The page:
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IT Leaders Flying Blind Over New EU Security Laws

One third of IT decision-makers from across Europe don’t fully understand the implications of new security and data protection laws about to sweep the region, with twice that number claiming to have been provided with little or no guidance to help them.

That’s according to new research from FireEye, which commissioned IDG Connect to interview IT pros from the UK, France and Germany about the forthcoming Network and Information Security (NIS) Directive and the EU General Data Protection Regulation (GDPR).

IT departments were expected by most respondents (62%) to have responsibility for assessing compliance requirements and drawing up policy reports and compliance frameworks.

Organizations appeared better prepared for NIS than GDPR, with 39% claiming to have all required measures in place for the former, versus just 20% for the latter.

However, there are concerns over levels of understanding about the impact of the laws.

Although two-thirds of respondents claimed to “fully understand” the proposed directive and regulation, the laws have yet to be finalized, and anecdotal evidence points to much confusion still surrounding requirements, FireEye claimed.

Backing this up is the fact that most organizations feel they have received little (42%) or no (20%) clear guidance on NIS and GDPR.

The fact is that they are unlikely to get any help from Europe while legislation is still being finalized, and even after this only policy guidelines rather than specific technical requirements will be forthcoming, claimed the report.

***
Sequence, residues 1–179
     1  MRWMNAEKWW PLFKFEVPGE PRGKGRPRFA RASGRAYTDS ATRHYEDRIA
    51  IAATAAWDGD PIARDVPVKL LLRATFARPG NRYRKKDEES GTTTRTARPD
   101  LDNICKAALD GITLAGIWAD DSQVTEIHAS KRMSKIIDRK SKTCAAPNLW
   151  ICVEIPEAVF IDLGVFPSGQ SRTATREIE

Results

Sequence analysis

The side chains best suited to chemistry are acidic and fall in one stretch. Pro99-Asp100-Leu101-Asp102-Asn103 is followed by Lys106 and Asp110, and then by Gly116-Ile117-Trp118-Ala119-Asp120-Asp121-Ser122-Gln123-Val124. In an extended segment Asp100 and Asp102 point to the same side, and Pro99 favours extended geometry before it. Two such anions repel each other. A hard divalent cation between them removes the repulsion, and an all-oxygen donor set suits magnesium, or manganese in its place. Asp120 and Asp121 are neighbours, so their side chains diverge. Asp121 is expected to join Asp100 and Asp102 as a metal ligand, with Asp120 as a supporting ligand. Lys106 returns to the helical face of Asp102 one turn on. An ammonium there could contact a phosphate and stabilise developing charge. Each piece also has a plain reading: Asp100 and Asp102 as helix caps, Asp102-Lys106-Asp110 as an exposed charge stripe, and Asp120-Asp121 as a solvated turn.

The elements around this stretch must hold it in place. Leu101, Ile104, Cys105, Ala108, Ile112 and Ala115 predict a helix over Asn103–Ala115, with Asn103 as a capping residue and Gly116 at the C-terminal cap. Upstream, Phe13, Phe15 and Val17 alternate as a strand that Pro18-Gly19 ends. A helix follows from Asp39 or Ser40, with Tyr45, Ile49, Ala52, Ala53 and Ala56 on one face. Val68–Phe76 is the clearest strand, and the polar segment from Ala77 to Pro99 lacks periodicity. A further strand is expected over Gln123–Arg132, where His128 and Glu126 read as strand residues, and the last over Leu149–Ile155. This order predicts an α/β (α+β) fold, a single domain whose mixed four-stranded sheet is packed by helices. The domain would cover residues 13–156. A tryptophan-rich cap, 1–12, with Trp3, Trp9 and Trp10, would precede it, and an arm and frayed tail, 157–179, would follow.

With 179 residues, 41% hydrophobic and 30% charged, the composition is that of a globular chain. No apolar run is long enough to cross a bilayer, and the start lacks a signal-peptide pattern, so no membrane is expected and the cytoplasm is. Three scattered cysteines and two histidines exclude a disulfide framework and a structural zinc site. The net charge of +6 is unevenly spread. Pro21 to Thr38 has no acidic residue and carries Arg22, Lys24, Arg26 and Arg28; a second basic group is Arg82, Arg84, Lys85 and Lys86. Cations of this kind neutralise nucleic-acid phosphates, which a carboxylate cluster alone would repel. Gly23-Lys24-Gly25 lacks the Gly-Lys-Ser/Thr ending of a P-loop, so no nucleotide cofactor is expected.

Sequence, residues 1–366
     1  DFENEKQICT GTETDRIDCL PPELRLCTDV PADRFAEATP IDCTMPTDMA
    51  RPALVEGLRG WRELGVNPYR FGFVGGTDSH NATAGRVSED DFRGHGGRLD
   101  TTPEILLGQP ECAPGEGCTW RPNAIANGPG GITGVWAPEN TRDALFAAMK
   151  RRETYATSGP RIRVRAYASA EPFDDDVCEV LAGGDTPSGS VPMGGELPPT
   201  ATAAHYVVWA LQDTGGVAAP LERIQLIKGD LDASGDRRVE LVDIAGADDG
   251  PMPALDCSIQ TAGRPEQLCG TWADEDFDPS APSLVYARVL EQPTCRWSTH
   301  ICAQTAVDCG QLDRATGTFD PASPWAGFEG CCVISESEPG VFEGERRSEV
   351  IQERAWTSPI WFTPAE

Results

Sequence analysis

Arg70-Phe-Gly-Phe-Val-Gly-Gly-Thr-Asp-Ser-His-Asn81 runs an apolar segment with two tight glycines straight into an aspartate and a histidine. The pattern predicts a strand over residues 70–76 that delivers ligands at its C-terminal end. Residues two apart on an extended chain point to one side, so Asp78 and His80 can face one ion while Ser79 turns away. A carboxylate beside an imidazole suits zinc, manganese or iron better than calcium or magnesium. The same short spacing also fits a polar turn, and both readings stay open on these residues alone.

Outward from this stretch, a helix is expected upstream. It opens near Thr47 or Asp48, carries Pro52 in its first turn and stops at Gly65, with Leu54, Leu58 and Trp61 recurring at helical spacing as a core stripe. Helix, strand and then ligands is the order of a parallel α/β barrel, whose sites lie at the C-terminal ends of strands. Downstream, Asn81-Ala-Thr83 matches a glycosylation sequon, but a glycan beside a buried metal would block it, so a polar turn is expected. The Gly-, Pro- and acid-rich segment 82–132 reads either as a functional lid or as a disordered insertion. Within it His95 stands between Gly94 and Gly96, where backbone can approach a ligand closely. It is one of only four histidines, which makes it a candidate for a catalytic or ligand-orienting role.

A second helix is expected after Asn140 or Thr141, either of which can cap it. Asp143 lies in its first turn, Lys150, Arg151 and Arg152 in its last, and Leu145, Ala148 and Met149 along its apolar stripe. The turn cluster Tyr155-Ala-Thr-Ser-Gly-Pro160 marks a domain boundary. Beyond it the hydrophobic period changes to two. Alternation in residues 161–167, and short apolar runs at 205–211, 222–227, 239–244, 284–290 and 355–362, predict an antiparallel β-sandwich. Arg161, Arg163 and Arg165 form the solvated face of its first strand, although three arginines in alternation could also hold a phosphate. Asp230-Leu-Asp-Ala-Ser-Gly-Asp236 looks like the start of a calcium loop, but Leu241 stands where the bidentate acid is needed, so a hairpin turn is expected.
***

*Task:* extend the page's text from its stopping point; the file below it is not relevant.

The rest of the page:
It added:

“This situation may effectively hamstring those IT departments which are either already in the process of upgrading data security provisions, or are planning to do so in the near term, because they cannot be sure the processes solutions they are implementing will deliver compliance at a later date.”

Confusion over NIS mainly centers around which type of organization it covers. At present it is relevant to all bodies which supply critical infrastructure – energy, healthcare, transport, financial services, and so on.

However, this could be extended to other organizations in the future.

When it comes to GDPR, the details are also still yet to be finalized. The earliest date this could happen is 2015 but some commentators are claiming it could take another year to iron out all the issues.

FireEye EMEA CTO, Greg Day, argued that organizations don’t need the finalized legislative plans to start making preparations today.

“The first tip would be to recognize this is not an IT security task but a business task. All appropriate stakeholders need to recognise the implications and plan how they will prepare,” he told Infosecurity.

“If businesses are to meet the requirements, investments in cyber will have to be rebalanced to aid discovery. This must happen in 2015, to allow organisations time in 2016 to develop and test the policies and skills required.” 

Day urged organizations to start now by testing their incident discovery and response processes in order to measure “how far you are from your target.”

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